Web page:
So there you have it, my friend. GWTW is justifiably a classic because the writing, the characters, the drama, and the story stand up to the test of time. If you’re searching for a reading experience that’s a deeply felt portrait of a pivotal era in American history, this is for you.

From the author of The Garden of Abracadabra, Volume 1 of the Abracadabra Series, on Nook, Kindle, and UK Kindle, Summer of Love, A Time Travel (a Philip K. Dick Award Finalist and San Francisco Chronicle Recommended Book) on Nook, Kindle, and UK Kindle, and The Gilded Age, A Time Travel (a New York Times Notable Book and New York Public Library Recommended Book) on Nook, Kindle, and UK Kindle.

Visit me at Lisa Mason’s Official Website for books, ebooks, stories, and screenplays, forthcoming projects and more. And on my Facebook Author Page, on Amazon, on my Facebook Profile Page, on Goodreads, on LinkedIn, on Twitter at @lisaSmason, and at Science Fiction and Fantasy Writers of America.

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More affordable titles for your reading enjoyment:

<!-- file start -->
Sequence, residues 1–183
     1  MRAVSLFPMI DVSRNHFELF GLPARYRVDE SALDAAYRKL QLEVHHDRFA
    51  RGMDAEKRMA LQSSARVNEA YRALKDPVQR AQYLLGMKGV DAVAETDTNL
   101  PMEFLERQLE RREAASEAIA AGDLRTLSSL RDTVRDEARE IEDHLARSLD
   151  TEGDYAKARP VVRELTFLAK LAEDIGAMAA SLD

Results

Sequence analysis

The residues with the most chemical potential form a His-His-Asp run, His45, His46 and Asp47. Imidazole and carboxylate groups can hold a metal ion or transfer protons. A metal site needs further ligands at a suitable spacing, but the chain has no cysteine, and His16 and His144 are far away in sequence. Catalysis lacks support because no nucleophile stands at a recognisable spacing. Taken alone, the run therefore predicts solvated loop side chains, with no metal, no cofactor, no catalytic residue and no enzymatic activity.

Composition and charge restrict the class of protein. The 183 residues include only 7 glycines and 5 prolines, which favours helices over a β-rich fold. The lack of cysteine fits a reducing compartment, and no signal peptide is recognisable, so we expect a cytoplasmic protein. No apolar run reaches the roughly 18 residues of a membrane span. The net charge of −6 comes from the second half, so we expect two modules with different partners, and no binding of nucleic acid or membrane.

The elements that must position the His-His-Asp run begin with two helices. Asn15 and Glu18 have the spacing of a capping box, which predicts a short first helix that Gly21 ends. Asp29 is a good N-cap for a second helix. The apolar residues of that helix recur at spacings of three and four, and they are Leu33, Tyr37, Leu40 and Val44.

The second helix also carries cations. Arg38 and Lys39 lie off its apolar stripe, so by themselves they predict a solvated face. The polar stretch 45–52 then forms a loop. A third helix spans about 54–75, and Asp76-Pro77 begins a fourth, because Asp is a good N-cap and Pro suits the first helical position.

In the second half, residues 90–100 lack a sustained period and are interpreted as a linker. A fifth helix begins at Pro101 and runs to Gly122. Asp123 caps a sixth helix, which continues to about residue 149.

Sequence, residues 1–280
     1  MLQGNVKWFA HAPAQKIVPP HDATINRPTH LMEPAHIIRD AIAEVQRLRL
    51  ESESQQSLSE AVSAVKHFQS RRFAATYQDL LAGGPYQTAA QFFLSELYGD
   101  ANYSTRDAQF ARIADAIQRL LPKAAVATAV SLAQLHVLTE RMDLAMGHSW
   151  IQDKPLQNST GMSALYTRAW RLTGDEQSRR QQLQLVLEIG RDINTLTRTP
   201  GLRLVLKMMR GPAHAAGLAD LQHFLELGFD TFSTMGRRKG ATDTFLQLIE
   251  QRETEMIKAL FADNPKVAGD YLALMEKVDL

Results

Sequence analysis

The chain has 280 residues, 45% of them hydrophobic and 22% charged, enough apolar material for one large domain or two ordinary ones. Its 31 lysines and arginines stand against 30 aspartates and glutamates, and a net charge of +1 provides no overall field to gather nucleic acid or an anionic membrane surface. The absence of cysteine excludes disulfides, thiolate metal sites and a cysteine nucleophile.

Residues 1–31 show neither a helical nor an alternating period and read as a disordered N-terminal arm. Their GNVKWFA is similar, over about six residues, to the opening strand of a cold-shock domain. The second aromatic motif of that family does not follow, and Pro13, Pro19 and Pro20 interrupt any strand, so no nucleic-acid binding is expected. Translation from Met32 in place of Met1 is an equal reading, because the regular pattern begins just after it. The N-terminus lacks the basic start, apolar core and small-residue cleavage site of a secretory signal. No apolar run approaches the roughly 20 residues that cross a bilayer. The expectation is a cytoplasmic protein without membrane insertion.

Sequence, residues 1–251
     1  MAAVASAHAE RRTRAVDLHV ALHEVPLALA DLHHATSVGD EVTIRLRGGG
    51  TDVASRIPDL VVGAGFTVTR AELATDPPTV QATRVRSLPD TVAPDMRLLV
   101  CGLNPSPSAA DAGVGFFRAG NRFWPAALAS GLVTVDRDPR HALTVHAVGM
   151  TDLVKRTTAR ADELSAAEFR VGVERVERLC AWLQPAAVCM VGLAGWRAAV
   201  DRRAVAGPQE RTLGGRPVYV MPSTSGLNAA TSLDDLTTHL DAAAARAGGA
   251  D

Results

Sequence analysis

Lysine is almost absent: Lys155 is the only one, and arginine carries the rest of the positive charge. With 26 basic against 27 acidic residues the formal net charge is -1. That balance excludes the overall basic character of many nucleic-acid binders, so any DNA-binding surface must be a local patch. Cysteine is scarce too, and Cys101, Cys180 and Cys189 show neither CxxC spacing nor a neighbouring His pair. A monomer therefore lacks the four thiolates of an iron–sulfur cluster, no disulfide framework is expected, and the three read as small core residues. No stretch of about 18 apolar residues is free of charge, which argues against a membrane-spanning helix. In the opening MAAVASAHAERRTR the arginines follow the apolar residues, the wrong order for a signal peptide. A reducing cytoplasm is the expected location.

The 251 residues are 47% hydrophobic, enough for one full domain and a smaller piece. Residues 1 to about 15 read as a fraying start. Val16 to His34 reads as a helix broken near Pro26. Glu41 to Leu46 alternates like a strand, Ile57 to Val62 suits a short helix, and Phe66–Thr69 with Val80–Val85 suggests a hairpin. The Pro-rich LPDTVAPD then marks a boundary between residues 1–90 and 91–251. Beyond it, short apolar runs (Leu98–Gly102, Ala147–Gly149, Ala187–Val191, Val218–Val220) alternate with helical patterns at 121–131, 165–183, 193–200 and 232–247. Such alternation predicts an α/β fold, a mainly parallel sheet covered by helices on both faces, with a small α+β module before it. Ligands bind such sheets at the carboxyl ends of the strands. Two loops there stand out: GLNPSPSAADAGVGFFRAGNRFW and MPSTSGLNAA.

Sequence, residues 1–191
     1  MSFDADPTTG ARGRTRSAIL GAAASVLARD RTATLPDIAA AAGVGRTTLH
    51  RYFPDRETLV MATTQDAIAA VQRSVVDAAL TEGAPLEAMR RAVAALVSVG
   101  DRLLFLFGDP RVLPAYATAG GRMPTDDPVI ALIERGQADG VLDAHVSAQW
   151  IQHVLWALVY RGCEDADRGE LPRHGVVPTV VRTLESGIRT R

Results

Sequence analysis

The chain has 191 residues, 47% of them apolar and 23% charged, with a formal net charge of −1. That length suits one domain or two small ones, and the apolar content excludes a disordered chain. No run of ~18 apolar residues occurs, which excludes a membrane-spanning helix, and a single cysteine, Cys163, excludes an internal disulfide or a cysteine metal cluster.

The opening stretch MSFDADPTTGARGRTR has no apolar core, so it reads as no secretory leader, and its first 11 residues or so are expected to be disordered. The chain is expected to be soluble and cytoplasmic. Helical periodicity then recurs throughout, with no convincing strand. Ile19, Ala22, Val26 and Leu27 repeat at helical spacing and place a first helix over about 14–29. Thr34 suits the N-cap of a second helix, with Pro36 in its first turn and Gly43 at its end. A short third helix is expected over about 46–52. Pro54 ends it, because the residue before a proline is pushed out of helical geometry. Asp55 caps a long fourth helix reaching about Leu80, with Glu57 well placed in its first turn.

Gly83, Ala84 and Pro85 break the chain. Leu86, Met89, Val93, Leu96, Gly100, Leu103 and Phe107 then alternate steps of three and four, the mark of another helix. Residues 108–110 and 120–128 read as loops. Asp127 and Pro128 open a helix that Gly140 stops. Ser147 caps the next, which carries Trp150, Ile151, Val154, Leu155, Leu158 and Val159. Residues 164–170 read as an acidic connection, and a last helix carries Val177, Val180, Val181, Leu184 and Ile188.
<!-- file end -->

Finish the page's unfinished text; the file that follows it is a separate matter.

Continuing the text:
New Romantic Suspense! Celestial Girl, Book 1: The Heartland (A Lily Modjeska Mystery) is on Nook, Kindle, and UK Kindle! Lily flees Toledo on the Overland train. She must share a seat with Jackson Tremaine and befriends the Celestial Girl, the daughter of a Chinese dignitary. But appearances are not what they seem.

New! Celestial Girl, Book 2: Jewel of the Golden West (A Lily Modjeska Mystery) is on Nook, Kindle, and UK Kindle! Lily and Jackson arrive in San Francisco and discover the murder of an immigration official connected with the Celestial Girl. She and Jackson are compelled into a dangerous murder investigation. Meanwhile, as they begin a hot affair, a contract for murder is taken out on Lily’s life.

Coming soon! Celestial Girl, Book 3: The Celestial Kingdom, which will include Book 3: The Celestial Kingdom, and Book 4: Terminus. The Omnibus Edition will include all three books.

Of The Gilded Age, the New York Times Book Review said, “A winning mixture of intelligence and passion.”

New Urban fantasy! The Garden of Abracadabra is available in three affordable installments. Begin with Book 1: Life’s Journey on Nook, Kindle, and UK Kindle.

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Suspense! Don’t miss SHAKEN, my sexy thriller, an ebook adaptation of “Deus Ex Machina” published in Asimov’s Science Fiction Magazine, republished in Transcendental Tales (Donning Press), and translated and republished worldwide. On Nook, Kindle, and UK Kindle.

Literary science fiction! And don’t miss TOMORROW’S CHILD, The Story That Sold To The Movies. This began as a medical documentary, then got published in Omni Magazine as a lead story, and finally sold to Universal Pictures, where the project is now in development. On Nook, Kindle, and UK Kindle.

Thank you for your readership!